Officer Part 2

Avoiding the Fiduciary Duty as an Officer of a Company, Part 2

Officer Part 2

Another business relationship that gives rise to fiduciary duties is the Limited Liability Company.  The Texas Business Organizations Code does not expressly define or impose duties on members or managers of the LLC.  However, the provisions do suggest these duties may exist.  When a managing member or manager of the LLC acts as an agent of the LLC they owe a duty of care pursuant to agency. Restatement (Third) of Agency § 8.08. Moreover, under agency principles, a duty of loyalty is owed by the manager in a manager-managed LLC and a by a member in a member-managed LLC. Restatment (third) of agency §§ 8.01-8.06.  In the LLC context, Texas courts distinguish that breach of fiduciary duty disputes arise principally between members and very rarely arise in the context of member breaching a duty to the LLC itself. Allen v. Devon Energy Holdings, L.L.C. 367 S.W.3d 355 (Tex. App. – Houston [1st Dist.] 2012, pet. granted, judgm’t vacated w.r.m.).

Just like Corporations, there are statutory ways to modify duties and liabilities of members and managers.  These include exculpation and indemnification, which is usually addressed in the governing documents of the LLC. There is very little case law in Texas addressing exculpation; Allen v. Devon Energy is the only case to date that discusses the contractual ability of parties to place restrictions on the liability of persons in charge.  The Court pointed out that LLCs are “free to expand or eliminate, as between themselves, any and all potential liability of” a manager of the LLC as the members see fit.  The Texas Business Organization Code (BOC) §101.401 permits the increase and/or restriction of the fiduciary duties of managers and members in the LLC government documents.   Additionally, an LLC has the power to renounce company opportunities. Tex. Bus. Orgs. Code § 2.101(21).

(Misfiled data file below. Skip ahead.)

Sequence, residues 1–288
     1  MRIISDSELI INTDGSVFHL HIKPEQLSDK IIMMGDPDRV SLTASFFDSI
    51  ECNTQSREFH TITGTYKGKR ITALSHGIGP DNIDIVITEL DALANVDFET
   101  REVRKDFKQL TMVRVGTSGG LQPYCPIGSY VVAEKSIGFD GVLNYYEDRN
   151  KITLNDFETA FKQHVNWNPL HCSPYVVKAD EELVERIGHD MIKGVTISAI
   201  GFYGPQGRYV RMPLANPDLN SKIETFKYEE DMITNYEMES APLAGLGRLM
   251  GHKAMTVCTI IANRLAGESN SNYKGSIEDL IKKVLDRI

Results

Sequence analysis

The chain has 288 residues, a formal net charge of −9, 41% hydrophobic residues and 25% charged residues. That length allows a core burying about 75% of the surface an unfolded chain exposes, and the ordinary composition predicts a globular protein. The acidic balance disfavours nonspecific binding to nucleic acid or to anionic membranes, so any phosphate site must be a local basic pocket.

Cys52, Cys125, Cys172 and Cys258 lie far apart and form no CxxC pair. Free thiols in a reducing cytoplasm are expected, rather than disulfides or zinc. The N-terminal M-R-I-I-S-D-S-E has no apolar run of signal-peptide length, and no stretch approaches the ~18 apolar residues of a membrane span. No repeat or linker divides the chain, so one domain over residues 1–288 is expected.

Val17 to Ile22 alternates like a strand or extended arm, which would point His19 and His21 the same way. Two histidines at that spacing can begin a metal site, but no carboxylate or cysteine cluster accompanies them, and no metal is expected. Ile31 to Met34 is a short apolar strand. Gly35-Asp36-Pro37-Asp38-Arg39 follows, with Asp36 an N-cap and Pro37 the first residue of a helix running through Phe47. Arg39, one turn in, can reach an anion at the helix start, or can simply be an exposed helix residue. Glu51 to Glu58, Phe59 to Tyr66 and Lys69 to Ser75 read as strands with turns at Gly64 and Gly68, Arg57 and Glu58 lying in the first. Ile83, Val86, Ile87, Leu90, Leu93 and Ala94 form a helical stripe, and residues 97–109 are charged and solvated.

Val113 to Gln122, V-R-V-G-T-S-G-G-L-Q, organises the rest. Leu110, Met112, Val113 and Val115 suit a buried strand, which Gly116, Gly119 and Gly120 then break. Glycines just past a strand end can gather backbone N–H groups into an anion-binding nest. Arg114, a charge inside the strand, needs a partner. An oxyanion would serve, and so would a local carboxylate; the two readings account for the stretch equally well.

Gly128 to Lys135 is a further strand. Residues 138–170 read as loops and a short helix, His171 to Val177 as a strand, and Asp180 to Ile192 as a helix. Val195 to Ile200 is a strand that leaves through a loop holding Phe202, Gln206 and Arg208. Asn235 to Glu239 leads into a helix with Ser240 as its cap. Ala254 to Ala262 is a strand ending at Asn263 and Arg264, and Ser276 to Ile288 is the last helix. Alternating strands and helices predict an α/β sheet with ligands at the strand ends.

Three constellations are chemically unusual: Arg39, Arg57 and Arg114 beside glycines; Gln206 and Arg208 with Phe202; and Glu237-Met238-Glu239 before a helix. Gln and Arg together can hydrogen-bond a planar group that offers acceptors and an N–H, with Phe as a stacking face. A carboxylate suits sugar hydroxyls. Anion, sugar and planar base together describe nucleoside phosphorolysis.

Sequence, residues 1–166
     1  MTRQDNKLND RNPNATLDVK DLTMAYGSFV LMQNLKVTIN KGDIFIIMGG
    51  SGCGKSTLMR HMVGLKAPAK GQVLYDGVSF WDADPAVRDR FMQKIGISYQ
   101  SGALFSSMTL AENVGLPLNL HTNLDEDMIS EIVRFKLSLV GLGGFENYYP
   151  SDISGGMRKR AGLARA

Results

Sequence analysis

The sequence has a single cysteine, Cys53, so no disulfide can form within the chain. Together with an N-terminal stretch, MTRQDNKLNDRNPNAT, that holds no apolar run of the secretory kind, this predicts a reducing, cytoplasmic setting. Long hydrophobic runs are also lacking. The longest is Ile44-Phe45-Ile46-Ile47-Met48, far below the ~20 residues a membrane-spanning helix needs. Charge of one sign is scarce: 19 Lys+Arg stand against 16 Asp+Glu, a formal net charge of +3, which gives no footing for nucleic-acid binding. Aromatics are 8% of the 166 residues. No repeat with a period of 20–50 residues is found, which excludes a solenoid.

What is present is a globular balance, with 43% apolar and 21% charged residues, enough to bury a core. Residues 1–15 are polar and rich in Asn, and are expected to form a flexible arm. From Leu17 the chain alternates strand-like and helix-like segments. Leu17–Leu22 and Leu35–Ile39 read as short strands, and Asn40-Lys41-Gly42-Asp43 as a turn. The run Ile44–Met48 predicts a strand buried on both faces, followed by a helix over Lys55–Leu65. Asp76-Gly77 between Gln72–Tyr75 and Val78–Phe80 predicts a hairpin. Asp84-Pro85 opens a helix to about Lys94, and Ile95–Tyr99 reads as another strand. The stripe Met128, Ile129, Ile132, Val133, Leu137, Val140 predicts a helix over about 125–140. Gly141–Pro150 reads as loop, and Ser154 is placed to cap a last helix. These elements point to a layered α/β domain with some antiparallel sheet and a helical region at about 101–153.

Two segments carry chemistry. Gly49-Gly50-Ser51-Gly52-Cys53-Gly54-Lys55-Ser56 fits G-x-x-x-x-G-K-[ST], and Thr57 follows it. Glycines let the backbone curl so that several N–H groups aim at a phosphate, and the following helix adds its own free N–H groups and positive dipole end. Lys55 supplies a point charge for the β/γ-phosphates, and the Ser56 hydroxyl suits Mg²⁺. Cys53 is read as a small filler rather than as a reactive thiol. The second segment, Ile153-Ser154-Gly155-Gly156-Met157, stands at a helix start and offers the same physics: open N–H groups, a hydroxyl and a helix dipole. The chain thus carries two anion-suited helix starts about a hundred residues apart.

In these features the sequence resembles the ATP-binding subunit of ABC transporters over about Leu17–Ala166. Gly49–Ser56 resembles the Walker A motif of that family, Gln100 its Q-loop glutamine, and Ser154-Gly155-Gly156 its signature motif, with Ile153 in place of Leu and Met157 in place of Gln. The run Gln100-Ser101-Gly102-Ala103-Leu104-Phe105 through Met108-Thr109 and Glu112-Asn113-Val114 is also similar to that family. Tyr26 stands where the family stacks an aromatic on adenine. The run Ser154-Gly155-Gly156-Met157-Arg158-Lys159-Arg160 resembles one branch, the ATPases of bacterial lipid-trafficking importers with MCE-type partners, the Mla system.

Sections 8.002, 101.052, and 101.042 of the BOC address indemnification. The current LLC indemnification laws do not stipulate any particular circumstances where indemnity is required; the provisions also do not place limitations of the type of liabilities that can be indemnified. It seems, from the opinions of Courts, that they decide the policy on the power of indemnification.

Apart from the foregoing formal fiduciary relationships, business relationships give rise to fiduciary duties – these duties can stem from codes, statutes, or case law.  There is a growing trend, certainly in Texas, for parties to claim that their business relationships gave rise to fiduciary duties.  In the next installment, Holmes PLLC will survey these “informal” fiduciary relationships, which present unique challenges for many business people in Texas.

Holmes PLLC is a law firm that specializes in fiduciary duty work, including the creation of fiduciary relationships or litigation about them.  The firm frequently advises its clients on the nature and existence of fiduciary duties, and on whether such duties affect their business interests.

The information presented at this site and by this firm should not be understood to be formal legal advice, nor the formation of an attorney-client relationship.